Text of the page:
Judge temporarily blocks Tennessee’s vile drag ban 

Nashville pride 2022 tennessee

A federal judge has temporarily blocked Tennessee’s strict law restricting drag performances, saying it is “vague and overly-broad”. 

In February, the southern state became the first in the US to restrict drag performances following a huge increase in the number of anti-LGBTQ+ bills being tabled across the country. 

However, on Friday (31 March), Senate Bill 3 was blocked by Judge Thomas Parker. It would otherwise have come into effect on Saturday (1 April).

Tennessee’s Senate Bill 3 aims to update an existing state law to prevent “adult-oriented businesses” from operating within 1,000 feet of schools, public parks or places of worship, including “adult cabaret performances”. 

The legislation defines these performances as which feature “male or female impersonators who provide entertainment that appeals to a prurient interest”.

Those who breach the law face a misdemeanour for a first offence and up to six years in prison for subsequent offences, which would be labelled felonies.  

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Alongside the drag ban, lawmakers also voted to ban doctors from providing gender-affirming medical treatment such as puberty blockers, hormone therapy and surgery – which is extremely rare – for transgender minors.

Federal judge Thomas Parker, who was appointed by Donald Trump whilst he was in office, temporarily blocked the law and said: “At this point, the court finds that the statute is likely both vague and overly-broad.”

Drag ban ‘missed the mark’, federal judge says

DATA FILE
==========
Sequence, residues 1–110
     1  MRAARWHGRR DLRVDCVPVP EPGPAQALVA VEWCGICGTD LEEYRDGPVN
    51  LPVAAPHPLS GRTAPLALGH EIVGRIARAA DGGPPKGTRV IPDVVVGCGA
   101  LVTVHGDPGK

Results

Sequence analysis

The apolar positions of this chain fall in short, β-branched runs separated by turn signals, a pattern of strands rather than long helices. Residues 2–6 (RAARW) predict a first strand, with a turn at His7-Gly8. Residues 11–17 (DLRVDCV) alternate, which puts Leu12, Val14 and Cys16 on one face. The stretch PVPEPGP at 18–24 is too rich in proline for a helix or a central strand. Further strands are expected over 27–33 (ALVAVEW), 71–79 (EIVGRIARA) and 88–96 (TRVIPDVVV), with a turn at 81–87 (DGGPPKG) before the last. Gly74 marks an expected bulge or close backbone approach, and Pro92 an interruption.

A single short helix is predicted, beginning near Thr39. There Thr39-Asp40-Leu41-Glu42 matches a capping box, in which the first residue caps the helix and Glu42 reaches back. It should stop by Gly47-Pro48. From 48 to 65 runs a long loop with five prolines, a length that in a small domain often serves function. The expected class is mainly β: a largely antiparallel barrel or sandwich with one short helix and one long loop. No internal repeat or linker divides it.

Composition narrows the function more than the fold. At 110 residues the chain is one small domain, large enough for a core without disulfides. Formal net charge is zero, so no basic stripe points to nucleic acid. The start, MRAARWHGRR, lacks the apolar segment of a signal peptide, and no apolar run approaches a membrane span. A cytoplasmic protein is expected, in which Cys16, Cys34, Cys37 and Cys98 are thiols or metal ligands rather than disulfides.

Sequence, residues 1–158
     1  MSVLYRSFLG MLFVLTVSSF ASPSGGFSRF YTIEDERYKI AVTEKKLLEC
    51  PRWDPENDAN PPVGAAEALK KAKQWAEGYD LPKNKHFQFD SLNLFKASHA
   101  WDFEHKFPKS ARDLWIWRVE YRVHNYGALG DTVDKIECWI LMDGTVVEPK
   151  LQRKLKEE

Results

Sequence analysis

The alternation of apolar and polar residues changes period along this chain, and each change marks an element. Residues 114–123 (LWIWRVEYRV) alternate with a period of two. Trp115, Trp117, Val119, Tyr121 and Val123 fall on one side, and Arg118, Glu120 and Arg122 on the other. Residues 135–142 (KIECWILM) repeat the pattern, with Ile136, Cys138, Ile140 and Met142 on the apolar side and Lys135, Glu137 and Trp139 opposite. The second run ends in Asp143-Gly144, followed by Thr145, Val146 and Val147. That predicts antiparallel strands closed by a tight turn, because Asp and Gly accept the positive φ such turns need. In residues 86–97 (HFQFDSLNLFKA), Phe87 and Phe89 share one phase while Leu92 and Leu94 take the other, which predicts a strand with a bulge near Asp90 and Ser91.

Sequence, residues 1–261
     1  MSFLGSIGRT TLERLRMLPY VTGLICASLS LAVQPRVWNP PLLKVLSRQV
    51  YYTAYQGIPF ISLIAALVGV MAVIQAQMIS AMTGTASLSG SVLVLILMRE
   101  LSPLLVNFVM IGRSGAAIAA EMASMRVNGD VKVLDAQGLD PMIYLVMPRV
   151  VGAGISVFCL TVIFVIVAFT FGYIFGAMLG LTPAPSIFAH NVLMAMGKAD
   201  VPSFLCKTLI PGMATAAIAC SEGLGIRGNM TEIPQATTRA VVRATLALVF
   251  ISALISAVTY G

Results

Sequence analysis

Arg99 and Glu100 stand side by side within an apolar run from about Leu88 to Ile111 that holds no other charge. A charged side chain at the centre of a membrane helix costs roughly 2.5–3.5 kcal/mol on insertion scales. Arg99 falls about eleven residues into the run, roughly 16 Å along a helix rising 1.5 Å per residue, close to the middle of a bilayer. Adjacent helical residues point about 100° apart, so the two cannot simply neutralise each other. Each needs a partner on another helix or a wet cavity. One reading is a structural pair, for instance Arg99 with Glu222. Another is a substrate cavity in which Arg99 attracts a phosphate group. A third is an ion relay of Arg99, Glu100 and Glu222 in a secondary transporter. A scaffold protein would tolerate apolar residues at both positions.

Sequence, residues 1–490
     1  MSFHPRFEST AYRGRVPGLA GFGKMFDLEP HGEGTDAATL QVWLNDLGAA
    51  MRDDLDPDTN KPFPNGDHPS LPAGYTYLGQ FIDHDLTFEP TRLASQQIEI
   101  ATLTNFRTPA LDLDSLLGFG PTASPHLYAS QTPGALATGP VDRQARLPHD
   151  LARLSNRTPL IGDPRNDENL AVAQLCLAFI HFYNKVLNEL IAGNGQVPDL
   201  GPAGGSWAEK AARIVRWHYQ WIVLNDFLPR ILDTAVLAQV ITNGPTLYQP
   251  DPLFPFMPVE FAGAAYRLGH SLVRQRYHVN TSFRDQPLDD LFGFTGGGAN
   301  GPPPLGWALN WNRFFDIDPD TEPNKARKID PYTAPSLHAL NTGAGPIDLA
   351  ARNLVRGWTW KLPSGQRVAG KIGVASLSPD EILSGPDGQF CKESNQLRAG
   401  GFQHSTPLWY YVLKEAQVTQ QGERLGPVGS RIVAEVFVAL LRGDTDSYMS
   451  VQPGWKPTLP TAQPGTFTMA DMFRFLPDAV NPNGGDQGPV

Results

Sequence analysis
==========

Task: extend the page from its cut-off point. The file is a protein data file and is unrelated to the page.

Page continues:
In the ruling, Parker sided with Friends of George’s – a Memphis-based LGBTQ theatre group – which filed a lawsuit against the state over the bill. 

The plaintiff claimed the language in the ban means it could be applied “just about anywhere”.

“What exactly is a location on public property or a ‘location where an adult cabaret entertainment could be viewed by a person who is not an adult’?” Parker asked.

“Does a citizen’s private residence count? How about a camping ground at a national park? What if a minor browsing the worldwide web from a public library views an ‘adult cabaret performance’? Ultimately, the Statute’s broad language clashes with the First Amendment’s tight constraints.”

Parked acknowledged that blocking legislation is an “extraordinary” measure and the court does not take such “actions lightly”. 

“If Tennessee wishes to exercise its police power in restricting speech it considers obscene, it must do so within the constraints and framework of the United States Constitution. 

“The Court finds that, as it stands, the record here suggests that when the legislature passed this Statute, it missed the mark,” the judge concluded. 

Friends of George’s released a statement following the ruling. 

Celebrating the decision, the group said: “FOG is dedicated to championing the freedom of expression for not only ourselves but for everyone across TN.  

“We stand in solidarity with all drag performers, the LGBTQIA+ community & our allies as we continue the fight for justice self-expression & the pursuit of happiness.”

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